When Saturday Night Live debuted in 1975, it gave the sketch/variety show format a twist, offering high-concept comedy sketches and political satire that attracted a younger audience than its competitors on late night television. It also featured pioneering work by female comedians. In this special evening with Laraine Newman, a member of the show’s legendary original cast, the Pollock Theater presented a selection of highlights from Saturday Night Live‘s long history, punctuated by Newman’s insights about the work of women comedians on television. Pollock Theater Director Matthew Ryan moderated the evening’s conversation.
Actress Laraine Newman
Laraine Newman is an Emmy and Annie Award-nominated performer. She began studying improv and mime (don’t judge) at the age of 16 and continued to study improvisation and mime until graduating Beverly Hills High School. She studied mime with Marcel Marceau in Paris for a year and a half.
At the age of nineteen, she appeared in the New Theatre For Now at the Mark Taper Forum and was accepted to the Theatre School at Cal Arts but left after three months to join another improv workshop that later became The Groundlings. In 1974 Laraine appeared in a Lily Tomlin special that was produced by Lorne Michaels. After also seeing her in The Groundlings, he hired her for Saturday Night Live.
Laraine has worked for directors ranging from Woody Allen to Guillermo Del Toro. Her more notable movie roles (and notable is a relative term) have been: Problem Child 2, Stardust Memories, American Hot Wax and Perfect. Then there are the roles she did for money. They won’t be listed here.
Laraine’s most recent television appearances include Dice, Hidden America With Jonah Ray, Comedy Bang Bang, IFC’s The Birthday Boys, and Curb Your Enthusiasm. Laraine has enjoyed a thriving animation career. Her recent work includes Dawn of The Croods, Milo Murphy’s Law, Puss In Boots, Doc McStuffins, Troll Hunter, 3 Below,Talking Tom, American Dad and Dorothy And The Wizard of Oz. She can also be heard in animated features such as The Nut Job 2, The Emoji Movie, Despicable Me 3, The Secret Life Of Pets, Nerdland, Inside Out, Minions, and The Boxtrolls. She has written for Esquire, The Huffington Post, The Believer and McSweeneys and is contributing editor for the online food magazine Oneforthetable.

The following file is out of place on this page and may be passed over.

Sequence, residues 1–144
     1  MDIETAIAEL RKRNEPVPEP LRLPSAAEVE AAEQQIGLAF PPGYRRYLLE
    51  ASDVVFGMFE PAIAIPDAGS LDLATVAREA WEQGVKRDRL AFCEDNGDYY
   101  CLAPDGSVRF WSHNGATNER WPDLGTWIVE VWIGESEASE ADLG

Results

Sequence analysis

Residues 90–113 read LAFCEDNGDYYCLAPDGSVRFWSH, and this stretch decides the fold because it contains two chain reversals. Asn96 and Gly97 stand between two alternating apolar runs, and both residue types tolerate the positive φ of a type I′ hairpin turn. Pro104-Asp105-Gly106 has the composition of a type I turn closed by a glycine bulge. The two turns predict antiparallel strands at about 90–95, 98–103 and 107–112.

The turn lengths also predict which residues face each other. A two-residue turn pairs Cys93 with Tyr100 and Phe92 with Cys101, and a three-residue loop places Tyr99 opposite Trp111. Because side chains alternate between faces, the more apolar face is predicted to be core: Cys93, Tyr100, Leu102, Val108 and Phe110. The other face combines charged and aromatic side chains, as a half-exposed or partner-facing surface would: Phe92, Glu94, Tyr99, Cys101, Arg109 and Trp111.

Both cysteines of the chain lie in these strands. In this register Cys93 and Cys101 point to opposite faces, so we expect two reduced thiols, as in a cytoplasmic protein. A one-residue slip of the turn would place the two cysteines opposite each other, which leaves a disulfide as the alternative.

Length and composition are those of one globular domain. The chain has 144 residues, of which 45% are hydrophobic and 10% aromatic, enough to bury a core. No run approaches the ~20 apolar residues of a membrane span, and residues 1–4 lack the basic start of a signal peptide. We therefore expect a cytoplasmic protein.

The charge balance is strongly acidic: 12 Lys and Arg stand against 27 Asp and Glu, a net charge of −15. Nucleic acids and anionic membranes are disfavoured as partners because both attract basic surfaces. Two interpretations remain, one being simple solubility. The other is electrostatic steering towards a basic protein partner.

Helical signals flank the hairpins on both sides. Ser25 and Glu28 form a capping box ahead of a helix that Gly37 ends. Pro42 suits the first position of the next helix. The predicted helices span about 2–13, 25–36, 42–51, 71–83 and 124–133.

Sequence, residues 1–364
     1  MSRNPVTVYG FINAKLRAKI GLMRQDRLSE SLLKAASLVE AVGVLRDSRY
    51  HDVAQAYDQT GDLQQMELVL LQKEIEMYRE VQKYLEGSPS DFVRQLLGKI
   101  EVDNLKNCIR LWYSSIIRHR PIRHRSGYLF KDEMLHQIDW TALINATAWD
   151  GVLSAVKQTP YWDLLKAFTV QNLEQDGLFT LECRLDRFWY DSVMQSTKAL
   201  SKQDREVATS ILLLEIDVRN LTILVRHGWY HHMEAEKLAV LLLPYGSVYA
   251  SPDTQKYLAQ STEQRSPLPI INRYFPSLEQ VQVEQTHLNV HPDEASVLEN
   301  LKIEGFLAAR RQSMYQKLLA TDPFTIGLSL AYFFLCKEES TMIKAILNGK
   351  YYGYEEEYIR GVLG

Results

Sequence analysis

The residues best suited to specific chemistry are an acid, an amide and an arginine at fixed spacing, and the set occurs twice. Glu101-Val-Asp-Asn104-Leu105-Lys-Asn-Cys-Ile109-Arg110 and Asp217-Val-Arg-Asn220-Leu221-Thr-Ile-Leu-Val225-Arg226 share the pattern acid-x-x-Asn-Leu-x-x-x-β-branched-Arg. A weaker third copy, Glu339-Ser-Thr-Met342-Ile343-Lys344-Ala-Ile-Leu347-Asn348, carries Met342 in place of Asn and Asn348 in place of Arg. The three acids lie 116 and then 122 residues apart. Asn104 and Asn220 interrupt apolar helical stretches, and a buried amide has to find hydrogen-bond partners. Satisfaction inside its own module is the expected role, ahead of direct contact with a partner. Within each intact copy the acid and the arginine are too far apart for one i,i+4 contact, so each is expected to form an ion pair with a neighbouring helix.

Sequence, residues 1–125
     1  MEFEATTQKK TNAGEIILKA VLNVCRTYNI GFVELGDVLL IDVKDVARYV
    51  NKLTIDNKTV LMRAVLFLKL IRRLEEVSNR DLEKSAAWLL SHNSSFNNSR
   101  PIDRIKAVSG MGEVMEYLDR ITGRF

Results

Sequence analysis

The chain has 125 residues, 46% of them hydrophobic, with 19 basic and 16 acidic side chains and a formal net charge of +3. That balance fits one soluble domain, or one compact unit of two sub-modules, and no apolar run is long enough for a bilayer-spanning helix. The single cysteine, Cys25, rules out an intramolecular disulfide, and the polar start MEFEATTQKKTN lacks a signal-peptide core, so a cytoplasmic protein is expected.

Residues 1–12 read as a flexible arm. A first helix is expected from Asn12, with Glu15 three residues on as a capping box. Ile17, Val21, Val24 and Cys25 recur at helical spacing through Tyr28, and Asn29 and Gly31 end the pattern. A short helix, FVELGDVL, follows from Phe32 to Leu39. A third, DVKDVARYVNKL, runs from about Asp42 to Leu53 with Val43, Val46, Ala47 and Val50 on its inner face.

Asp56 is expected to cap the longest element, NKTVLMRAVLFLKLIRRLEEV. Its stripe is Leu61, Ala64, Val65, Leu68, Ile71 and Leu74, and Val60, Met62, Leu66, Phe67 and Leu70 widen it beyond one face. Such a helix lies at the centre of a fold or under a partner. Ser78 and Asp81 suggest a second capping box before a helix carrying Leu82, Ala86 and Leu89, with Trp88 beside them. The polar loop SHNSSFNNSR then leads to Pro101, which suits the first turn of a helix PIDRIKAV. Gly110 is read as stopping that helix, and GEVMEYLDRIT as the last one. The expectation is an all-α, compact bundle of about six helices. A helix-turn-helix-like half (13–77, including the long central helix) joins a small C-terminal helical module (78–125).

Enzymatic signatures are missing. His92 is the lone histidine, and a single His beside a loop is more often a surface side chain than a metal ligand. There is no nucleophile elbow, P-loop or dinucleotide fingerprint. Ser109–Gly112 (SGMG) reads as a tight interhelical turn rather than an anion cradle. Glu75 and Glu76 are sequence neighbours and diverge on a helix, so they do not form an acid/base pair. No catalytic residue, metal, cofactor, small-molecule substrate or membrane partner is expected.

Moderator Matthew Ryan
Matthew Ryan has been the Pollock Theater Director since the theater opened in October 2010. He created and hosts the Script to Screen series, which has welcomed prestigious guests such as writer/director/producer Jordan Peele (Get Out), writer/director Damien Chazelle (Whiplash), screenwriters Emily V. Gordon and Kumail Nanjiani (The Big Sick), and writer/director/producer David Mandel, actor Tony Hale, and actress Julia Louis-Dreyfus (VEEP).
Ryan oversees the Pollock Theater Internship, which offers industry-level experience in live multi-camera television production and event planning. TV shows produced by students through this program have generated 15.1 million online views on the UCTV broadcast cable station.
This event is sponsored by the Carsey-Wolf Center, the Department of Film & Media Studies, and the Scott Frank Fund for Screenwriting.
Script to Screen
The Script to Screen series examines the screenplay and its transition to the screen from the perspective of writers, directors, producers, editors, and actors. The Pollock Theater connects artists to our audience of aspiring production students, and Guild & Academy Members. Our Q&As transform into a television show that airs on the UCTV cable station. The series is hosted by the Pollock Theater Director, Matt Ryan, and co-produced by the Pollock Theater student staff.
Women in Comedy
The CWC series “Women in Comedy” showcases the achievement of women in American film and television comedy. At a time when comedy across all media remains dominated by men, female comedians have achieved unprecedented visibility as artists, writers, producers, and performers. Women comedians have produced enduring works of humor as a means of self-expression, artistic innovation, and political intervention. The Carsey-Wolf Center aims to highlight some of the best of this work, and to feature in-depth discussions with guests that include scholars and participants in the creative process.